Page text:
Proposed high-speed rail corridors c/o dot.gov
Florida has joined Ohio and Wisconsin in rejecting federal high-speed rail money. Fine, that will leave more funding for the rest of us who do want it. While the three of you sit in long traffic jams, breathe exhaust fumes, and keep living in the 20th century, the rest of us will move toward the future. That is, if we are smart and not short-sighted like these three states.
Automobiles and the auto culture cost our society huge amounts of money through taxes, subsides, and tolls. They also cause innumerable social, land use, and environmental problems.
Modern, high-speed trains would provide a fast, convenient, viable, competitive, and environmentally friendly alternative for intercity travel. Instead of driving between cities in legions of cars, riding in diesel-spewing buses, or driving to the airport and then logging more hours in waiting areas than the trip would have taken otherwise, high-speed rail would be an exciting and competitive option.
High-speed rail c/o treehugger.com
Anyone who has visited Europe or Japan knows trains are a terrific method of short to medium distance travel. In addition, the areas surrounding the stations see substantial economic growth and development. You can see this in miniature here in the United States near Metro stations in Greater Washington, along METRA commuter rail lines in Chicago, at BART stations in the Bay area, and even in conservative Texas at the DART stations in the Dallas area.
Here are a few examples of the economic benefits that have followed the completion of a high-speed rail link.
“Office space in the vicinity of high-speed rail stations in France and northern Europe generally fetches higher rents than in other parts of the same cities.
The city of Lyon experienced a 43 percent increase in the amount of office space near its high-speed rail station following the completion of a high-speed rail link to Paris.
Property values near stations on Japan’s Shinkansen network have been estimated to be 67 percent higher than property values further away.
Several cities have used high-speed rail as the catalyst for ambitious urban redevelopment efforts. The city of Lille, France, used its rail station as the core of a multi-use development that now accommodates 6,000 jobs. The new international high-speed rail terminal at London’s St. Pancras station is the centerpiece of a major redevelopment project that will add 1,800 residential units, as well as hotels, offices and cultural venues in the heart of London.”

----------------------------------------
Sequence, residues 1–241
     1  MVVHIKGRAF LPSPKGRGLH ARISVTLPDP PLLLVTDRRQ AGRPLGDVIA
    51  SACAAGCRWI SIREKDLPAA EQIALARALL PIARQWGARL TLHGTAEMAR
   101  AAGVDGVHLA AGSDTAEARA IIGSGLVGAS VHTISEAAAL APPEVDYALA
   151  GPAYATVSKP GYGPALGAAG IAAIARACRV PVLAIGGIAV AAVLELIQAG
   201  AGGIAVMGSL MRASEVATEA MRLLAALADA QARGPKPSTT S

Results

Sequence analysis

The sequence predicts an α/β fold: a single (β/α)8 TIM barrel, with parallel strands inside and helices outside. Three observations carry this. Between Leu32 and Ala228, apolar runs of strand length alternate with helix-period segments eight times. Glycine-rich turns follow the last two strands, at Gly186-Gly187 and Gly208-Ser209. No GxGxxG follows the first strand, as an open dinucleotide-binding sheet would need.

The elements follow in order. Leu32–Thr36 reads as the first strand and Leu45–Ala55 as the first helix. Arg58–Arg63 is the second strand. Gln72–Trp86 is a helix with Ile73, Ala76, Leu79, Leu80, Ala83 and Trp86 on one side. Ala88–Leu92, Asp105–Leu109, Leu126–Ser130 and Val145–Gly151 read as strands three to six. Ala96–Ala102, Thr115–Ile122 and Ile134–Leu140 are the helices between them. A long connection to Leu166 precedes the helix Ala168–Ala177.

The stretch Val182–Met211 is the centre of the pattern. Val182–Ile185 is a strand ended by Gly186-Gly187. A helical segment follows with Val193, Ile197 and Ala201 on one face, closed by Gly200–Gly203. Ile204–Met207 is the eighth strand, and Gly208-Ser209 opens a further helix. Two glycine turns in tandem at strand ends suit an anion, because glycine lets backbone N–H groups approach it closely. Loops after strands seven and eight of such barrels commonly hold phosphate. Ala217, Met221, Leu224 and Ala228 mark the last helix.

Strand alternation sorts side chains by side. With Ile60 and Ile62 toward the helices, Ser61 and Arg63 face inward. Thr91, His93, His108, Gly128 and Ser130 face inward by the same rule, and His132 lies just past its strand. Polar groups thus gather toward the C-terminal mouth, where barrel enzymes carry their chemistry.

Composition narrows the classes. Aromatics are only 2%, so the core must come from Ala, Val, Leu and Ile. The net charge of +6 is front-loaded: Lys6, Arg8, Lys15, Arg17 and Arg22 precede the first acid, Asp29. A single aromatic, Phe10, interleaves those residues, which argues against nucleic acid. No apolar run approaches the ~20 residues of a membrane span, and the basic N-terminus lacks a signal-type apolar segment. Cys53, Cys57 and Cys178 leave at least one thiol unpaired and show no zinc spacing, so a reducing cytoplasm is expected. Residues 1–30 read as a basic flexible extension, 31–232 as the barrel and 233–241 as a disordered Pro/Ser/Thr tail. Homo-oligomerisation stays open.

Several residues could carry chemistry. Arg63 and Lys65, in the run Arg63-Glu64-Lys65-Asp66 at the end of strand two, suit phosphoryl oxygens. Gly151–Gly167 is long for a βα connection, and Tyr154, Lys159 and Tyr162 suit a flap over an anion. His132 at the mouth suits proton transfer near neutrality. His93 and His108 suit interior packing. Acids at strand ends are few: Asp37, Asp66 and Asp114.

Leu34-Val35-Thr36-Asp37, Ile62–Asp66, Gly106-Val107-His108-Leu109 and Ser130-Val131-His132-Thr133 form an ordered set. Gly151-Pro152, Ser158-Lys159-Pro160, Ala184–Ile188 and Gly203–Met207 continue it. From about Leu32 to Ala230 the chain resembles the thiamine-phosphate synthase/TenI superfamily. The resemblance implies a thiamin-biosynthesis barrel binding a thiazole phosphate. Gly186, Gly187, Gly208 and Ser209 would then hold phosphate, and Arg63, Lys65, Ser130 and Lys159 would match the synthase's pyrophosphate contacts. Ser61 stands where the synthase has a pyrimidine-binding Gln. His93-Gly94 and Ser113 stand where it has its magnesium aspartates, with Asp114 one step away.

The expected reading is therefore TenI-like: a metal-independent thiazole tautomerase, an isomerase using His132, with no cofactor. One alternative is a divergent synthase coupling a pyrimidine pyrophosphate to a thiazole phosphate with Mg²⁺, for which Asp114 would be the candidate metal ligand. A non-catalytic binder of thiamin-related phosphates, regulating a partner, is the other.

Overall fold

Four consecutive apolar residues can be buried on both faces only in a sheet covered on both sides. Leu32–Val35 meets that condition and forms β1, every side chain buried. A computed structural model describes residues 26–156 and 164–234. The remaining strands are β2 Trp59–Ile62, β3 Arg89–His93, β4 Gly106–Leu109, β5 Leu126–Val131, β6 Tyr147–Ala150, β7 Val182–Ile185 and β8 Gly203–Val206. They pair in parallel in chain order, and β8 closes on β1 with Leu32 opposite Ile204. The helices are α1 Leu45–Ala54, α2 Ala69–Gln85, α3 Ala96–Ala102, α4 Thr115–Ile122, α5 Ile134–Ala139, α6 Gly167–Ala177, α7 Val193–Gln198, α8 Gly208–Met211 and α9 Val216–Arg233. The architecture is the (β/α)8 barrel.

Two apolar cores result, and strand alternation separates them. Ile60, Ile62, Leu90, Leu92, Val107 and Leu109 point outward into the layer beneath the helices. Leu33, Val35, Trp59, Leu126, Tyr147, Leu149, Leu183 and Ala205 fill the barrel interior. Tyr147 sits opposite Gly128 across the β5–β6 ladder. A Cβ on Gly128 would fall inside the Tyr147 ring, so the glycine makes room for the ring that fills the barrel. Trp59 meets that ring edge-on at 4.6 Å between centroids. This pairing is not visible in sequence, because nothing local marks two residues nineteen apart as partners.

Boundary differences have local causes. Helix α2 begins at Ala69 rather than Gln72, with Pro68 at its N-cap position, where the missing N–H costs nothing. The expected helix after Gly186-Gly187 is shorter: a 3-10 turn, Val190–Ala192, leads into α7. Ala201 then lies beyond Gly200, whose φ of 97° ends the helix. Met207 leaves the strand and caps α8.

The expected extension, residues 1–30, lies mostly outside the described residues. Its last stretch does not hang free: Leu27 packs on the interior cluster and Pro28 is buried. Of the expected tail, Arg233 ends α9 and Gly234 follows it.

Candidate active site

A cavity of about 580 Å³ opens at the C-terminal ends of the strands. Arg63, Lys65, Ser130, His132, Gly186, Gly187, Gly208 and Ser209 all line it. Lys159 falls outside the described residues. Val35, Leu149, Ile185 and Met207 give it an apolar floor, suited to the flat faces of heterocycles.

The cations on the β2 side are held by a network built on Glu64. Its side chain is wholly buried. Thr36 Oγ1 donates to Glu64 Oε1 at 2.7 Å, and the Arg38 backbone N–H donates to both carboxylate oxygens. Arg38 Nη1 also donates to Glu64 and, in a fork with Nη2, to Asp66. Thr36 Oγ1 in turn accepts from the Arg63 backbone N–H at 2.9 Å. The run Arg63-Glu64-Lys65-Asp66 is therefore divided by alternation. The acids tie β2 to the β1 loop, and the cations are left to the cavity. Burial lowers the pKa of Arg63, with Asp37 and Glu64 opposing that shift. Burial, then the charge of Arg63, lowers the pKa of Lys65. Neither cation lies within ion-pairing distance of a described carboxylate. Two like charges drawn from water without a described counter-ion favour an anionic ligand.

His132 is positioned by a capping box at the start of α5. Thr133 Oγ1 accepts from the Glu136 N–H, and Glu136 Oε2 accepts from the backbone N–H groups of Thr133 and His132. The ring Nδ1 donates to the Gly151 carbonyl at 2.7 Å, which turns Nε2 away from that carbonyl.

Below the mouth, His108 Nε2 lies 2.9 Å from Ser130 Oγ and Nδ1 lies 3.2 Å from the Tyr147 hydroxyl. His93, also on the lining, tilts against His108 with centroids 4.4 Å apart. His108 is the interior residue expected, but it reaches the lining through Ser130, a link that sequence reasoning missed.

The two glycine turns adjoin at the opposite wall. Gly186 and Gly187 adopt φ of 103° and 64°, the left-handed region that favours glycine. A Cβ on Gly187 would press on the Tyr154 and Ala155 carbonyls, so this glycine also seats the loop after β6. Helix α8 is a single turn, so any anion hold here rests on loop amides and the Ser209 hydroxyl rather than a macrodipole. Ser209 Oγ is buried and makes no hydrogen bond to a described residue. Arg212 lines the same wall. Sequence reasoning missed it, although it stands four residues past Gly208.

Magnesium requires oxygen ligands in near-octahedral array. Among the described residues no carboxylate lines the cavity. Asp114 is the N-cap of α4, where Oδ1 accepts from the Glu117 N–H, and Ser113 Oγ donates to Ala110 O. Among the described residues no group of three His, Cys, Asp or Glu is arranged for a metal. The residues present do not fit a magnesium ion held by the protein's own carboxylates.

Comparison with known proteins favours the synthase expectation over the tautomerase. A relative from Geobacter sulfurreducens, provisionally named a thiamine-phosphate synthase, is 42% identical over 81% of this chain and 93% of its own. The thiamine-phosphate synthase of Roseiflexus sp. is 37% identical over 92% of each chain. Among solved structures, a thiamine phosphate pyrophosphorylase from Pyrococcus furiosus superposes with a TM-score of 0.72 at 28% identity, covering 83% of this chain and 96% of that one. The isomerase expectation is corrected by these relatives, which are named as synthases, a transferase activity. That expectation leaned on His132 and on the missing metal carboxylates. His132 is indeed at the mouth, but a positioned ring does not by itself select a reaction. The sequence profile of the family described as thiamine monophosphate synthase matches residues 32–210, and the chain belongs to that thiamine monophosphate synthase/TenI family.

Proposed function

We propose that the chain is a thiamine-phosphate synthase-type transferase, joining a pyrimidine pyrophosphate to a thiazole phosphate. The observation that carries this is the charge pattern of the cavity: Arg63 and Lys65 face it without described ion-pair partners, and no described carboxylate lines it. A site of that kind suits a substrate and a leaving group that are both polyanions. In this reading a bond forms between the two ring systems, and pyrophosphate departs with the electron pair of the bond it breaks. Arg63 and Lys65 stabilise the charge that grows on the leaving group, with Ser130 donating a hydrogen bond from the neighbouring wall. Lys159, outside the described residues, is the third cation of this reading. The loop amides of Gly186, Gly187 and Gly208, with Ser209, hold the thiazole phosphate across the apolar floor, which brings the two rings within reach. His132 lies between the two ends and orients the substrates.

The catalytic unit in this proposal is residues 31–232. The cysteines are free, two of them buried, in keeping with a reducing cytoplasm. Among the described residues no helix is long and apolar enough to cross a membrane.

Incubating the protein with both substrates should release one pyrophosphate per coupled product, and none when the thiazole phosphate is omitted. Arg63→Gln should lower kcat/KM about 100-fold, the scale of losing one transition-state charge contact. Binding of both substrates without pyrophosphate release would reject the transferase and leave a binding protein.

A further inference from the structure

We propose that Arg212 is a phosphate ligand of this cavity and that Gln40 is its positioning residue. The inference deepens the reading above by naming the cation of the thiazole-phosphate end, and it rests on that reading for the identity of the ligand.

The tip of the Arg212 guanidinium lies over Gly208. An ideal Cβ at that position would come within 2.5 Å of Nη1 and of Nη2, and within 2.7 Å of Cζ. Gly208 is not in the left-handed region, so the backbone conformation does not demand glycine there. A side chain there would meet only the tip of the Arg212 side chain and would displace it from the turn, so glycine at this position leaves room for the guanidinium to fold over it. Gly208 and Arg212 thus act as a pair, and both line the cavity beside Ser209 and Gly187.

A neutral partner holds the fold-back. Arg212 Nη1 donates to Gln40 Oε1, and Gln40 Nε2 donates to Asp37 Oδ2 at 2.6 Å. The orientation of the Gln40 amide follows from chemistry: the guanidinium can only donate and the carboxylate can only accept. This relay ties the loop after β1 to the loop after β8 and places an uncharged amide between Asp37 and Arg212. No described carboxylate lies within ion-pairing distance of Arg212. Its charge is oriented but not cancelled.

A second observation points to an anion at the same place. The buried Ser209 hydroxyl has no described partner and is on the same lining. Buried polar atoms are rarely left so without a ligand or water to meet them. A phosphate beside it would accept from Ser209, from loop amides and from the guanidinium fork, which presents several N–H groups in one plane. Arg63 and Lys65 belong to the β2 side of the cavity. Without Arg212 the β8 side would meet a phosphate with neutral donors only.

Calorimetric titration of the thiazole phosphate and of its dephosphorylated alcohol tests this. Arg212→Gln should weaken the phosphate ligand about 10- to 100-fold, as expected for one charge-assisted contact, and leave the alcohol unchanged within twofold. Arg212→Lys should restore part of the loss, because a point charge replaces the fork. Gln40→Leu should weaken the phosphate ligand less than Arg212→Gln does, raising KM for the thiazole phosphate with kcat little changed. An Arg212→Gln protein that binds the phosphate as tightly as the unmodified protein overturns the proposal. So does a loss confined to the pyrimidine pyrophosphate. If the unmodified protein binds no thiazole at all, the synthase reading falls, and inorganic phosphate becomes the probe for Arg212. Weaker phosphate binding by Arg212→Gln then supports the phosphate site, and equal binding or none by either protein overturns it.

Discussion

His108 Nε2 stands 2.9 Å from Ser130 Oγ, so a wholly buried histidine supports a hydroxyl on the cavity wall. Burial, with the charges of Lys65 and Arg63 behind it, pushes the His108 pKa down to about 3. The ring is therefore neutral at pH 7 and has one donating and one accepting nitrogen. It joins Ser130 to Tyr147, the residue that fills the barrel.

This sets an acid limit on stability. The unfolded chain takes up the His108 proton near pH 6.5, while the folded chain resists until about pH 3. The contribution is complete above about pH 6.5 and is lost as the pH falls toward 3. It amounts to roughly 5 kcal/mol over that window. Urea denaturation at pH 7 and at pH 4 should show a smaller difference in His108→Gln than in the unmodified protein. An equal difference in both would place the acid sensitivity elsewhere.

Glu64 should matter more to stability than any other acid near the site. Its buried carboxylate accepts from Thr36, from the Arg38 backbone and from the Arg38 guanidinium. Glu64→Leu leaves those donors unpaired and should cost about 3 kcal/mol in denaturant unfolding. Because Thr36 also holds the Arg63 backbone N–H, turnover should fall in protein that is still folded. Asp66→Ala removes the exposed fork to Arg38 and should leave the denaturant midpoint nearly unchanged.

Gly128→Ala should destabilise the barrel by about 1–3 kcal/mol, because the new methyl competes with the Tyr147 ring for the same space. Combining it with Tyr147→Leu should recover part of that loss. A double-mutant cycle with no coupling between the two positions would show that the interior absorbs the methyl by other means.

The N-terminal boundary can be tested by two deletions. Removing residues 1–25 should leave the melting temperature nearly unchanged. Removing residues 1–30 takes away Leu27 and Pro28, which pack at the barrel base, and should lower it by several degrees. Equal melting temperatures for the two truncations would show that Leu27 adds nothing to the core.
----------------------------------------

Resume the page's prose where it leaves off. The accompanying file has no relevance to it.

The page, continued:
As the following quote clearly demonstrates highways do NOT pay for themselves:
“In 2001, 41% of the $133 billion spent on highways came from payments other than the gas tax, tolls, and vehicle taxes and fees, as follows: 15.3% general fund appropriations; 9.5% bond issue proceeds; 5.8% investment income and other receipts; 5.6% other taxes and fees; 4.8% property taxes. While most of this is at the state and local levels, federal policy encourages this by offering states generous funding matches for highway investments but no match for intercity rail investments. These statistics are in ‘Improving Efficiency and Equity in Transportation Finance,’ by Martin Wachs [The Brookings Institution Series on Transportation Reform (April 2003)], which states: “Revenues from fuel taxes have for three decades been rising more slowly than program costs as legislators become ever more reluctant to raise them to meet inflation. As a result, the burden of raising the funds for transportation programs is gradually being shifted to local governments and voter-approved initiatives that are, in most instances, not based on user fees.”
Personally, I do not understand the decision made by conservative GOP governors in Ohio, Wisconsin, and Florida, other than they did not think of this great idea first. Many of the benefits I cited above are repeated in a 2001 report by the General Accounting Office. In fact, with the increase in gas and jet fuel prices since 2001, the benefits are even greater. But, these GOP governors apparently do not want to offer cost savings or environmental benefits to their citizens. They would rather remain forever stuck in traffic on a road to nowhere.
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